Absolutely Almost

Absolutely Almost

Book - 2014
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Ten-year-old Albie has never been the smartest, tallest, best at gym, greatest artist, or most musical in his class, as his parents keep reminding him, but new nanny Calista helps him uncover his strengths and take pride in himself.
Publisher: New York, New York : Philomel Books, an imprint of Penguin Group (USA), [2014]
ISBN: 9780399164057
Branch Call Number: JF GRAFF-L
Characteristics: 288 pages, 7 pages ; 22 cm


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Jul 04, 2018

The book, Absolutely Almost, resolves a big problem that we have in our lives. It makes us believe that we don't have to be perfect. We don't have to be good at anything. In this book, a boy is faced with the same problem of being imperfect, when a college student helps him out. This book was uniquely written with short and long chapters, a reasonable plot, and a magnet to keep the reader attached to it. Even though the end was tragic, the author didn't lose all hope in the book. She showed that it isn't 'someone' who develops self-confidence. Rather it is you yourself who does it. I would rate this book 5/5.
- @MrUnger of the Teen Review Board at the Hamilton Public Library

Jun 10, 2018

My teacher in my class read this book... Everyone hated it! We voted it down and changed the book!

Jun 08, 2017

pretty good

May 23, 2015

wow this was a really touching and charming book. You really felt for Albie and his struggles with school and trying to live up to his parents goals for him. it is also a bit on the sad side because Albie feels so disappointed and let down so much. however in is a great read .

JCLChrisK Apr 16, 2015

"But he's a superhero," Calista said. "That means he has to have a superpower.

"Nope," I said, because I was pretty sure she was wrong. "Some people aren't good at anything. Some people just really like donuts."

Some people aren't good at anything. It's an uncomfortable truth; one we don't like to accept. One we have trouble accepting. Yet it's Albie's reality; one he has to face every day. Great for him is almost good for everyone else. Nothing comes easy and he's never good enough.

Never good enough to please his parents or fit in with his peers, in particular. Just as they can't accept the general idea that some people aren't good at anything, they can't accept the particular idea of Albie as he is. Good stories make you feel, and, oh, does this book make you cringe with embarrassment and anger and indignation with some of its scenes of clueless parenting moments, awkward social missteps and ostracizings, and educational failings.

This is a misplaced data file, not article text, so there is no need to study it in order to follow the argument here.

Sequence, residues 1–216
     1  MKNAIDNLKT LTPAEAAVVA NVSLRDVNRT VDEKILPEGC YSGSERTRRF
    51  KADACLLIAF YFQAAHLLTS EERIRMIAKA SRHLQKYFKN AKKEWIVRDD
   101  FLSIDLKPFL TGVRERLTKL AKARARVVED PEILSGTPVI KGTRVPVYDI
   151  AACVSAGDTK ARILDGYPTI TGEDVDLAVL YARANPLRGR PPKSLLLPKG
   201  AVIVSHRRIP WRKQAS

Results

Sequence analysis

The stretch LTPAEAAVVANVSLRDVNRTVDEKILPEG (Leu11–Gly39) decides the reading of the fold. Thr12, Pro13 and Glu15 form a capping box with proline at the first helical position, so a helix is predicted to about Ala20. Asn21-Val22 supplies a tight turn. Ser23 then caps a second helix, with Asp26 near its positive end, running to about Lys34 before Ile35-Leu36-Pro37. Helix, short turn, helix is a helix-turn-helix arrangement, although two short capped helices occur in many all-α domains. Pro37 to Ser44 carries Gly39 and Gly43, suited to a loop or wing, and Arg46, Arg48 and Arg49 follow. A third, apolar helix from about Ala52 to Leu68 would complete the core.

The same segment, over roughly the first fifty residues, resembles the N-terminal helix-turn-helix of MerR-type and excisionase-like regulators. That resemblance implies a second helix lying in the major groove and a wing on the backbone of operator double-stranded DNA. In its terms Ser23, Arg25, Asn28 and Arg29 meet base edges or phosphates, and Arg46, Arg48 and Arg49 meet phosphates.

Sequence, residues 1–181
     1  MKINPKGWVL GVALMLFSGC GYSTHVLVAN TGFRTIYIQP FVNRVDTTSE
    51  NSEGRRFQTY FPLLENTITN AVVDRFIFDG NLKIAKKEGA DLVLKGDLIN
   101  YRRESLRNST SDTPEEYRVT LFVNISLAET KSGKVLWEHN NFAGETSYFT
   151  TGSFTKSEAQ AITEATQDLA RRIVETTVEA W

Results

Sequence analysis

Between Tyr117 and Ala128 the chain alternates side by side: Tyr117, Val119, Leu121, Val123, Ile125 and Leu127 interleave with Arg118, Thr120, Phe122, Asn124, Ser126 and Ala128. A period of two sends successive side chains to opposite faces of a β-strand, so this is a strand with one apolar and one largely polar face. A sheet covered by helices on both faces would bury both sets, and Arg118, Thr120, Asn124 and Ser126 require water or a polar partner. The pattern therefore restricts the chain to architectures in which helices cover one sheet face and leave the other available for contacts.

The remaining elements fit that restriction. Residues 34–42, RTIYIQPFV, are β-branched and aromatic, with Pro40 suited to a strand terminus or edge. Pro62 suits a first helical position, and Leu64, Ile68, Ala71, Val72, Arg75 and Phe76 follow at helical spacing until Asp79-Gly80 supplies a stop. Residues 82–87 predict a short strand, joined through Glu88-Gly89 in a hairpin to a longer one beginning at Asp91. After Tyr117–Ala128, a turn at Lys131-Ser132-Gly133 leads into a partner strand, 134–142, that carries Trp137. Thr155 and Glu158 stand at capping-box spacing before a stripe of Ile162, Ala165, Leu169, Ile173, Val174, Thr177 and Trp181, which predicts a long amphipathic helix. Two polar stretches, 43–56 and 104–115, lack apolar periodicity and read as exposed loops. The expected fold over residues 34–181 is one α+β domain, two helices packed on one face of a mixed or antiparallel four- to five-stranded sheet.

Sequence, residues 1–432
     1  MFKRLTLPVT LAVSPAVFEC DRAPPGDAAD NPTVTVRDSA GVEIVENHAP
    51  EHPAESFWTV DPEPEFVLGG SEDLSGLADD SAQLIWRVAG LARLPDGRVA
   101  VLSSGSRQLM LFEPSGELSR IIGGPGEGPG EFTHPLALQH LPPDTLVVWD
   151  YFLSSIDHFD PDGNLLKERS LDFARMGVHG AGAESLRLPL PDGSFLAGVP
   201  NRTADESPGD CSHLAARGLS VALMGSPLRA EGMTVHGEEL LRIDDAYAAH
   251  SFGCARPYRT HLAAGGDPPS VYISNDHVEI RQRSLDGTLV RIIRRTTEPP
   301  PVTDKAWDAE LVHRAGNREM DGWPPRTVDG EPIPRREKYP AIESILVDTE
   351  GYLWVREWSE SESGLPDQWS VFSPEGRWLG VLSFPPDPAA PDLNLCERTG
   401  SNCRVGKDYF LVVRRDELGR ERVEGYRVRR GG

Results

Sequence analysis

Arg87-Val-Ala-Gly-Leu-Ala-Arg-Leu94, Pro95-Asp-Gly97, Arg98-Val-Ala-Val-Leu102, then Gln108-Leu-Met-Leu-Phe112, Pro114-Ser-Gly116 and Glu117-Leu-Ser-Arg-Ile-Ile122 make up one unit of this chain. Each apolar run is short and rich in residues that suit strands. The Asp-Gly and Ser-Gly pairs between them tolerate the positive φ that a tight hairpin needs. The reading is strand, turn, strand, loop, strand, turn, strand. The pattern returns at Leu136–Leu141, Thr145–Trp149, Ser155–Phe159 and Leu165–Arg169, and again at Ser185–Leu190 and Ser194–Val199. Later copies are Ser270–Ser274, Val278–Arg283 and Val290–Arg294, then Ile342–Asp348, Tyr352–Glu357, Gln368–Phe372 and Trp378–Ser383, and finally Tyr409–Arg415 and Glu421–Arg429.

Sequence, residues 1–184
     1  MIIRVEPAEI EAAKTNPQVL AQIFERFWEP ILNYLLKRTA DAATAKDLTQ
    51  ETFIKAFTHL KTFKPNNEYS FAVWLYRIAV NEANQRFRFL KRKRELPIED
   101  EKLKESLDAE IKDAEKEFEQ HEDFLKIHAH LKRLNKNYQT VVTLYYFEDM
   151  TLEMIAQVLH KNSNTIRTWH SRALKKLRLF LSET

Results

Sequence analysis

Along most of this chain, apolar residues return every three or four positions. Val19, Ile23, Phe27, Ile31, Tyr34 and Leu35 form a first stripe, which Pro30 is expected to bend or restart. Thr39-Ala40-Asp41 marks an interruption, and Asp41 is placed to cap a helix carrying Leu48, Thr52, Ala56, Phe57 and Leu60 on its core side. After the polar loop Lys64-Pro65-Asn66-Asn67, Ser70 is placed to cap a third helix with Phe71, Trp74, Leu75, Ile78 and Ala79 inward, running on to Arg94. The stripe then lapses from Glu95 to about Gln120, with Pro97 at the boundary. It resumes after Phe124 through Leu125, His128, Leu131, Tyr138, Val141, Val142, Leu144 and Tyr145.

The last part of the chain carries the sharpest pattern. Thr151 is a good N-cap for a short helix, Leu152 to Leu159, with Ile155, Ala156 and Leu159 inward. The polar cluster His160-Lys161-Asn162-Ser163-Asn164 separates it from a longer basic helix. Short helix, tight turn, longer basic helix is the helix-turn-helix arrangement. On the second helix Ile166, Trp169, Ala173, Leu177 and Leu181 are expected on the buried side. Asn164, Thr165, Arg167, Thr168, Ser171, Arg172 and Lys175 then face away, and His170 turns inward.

Yet it also makes you feel empathy and pride and amusement with Albie's more successful moments. He is sensitive and observant and has a few people who really get him, along with those who keep trying despite their failings. This is not a tragedy--there's nothing particularly wrong with Albie, he's just not exceptional in any way and struggles in areas where the standard expectations have become excellence. ("This is for babies," says his mom of his favorite books; "I expect you to get a perfect score on your next spelling test, Albie," says his dad. "It's not up for debate, Albie. Any son of mine should be able to spell. Do better.") And, despite it all, Albie earns the admiration of those who matter; most importantly, himself.

Though presented simply, in a approachable, engaging form with a very real voice, this is not a simple story. There is good and bad, are mistakes and triumphs throughout, sometimes in the same moment. Both situations and feelings are complex, conflicted, and confusing. It feels like life, real and true.

Dec 14, 2014

If you liked Wonder by R. J. Palacio, you will also enjoy this bittersweet middle grades story about a 10-year-old half-Caucasian, half-Korean boy named Albie living in New York City. Albie's parents are wealthy and successful but Albie is an underachiever at school both academically and socially. Albie gets a leg up in accepting himself and embracing life creatively through his new babysitter Calista. The tense relationship between Albie and his dad as well as the bullying he endures is painful to read but also realistic. Albie's ability to overcome "the things I don't know" is a message of hope to kids struggling to prove themselves worthy of love everywhere.

I loved "Absolutely Almost". Both funny and poignant, this character driven story akin to the book "Wonder" by R.J. Palacio will have you rooting for Albie all the way. Suggested for grades 4-6.

m2 Jul 18, 2014

Beautifully written with (somehow) both restraint and pathos, this book about a child struggling with poor performance at school is achingly painful to read. The scenes of children bullying are realistic, but the really painful parts are the terrible disconnect between Albie and his parents. And yet. Albie also learns over the course of a book what a true friend is and how to become one. And he is deeply appreciated throughout the book by those who can leave the need for achievement out of their equation of love. We all could learn something from Albie's story.


Jun 28, 2014

This book will simply touch your heart!


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Jun 08, 2017

Ezrap9 thinks this title is suitable for between the ages of 9 and 12


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Carrie_K Apr 21, 2015

"You can't get where you're going without being where you've been". - Mr. Clifton


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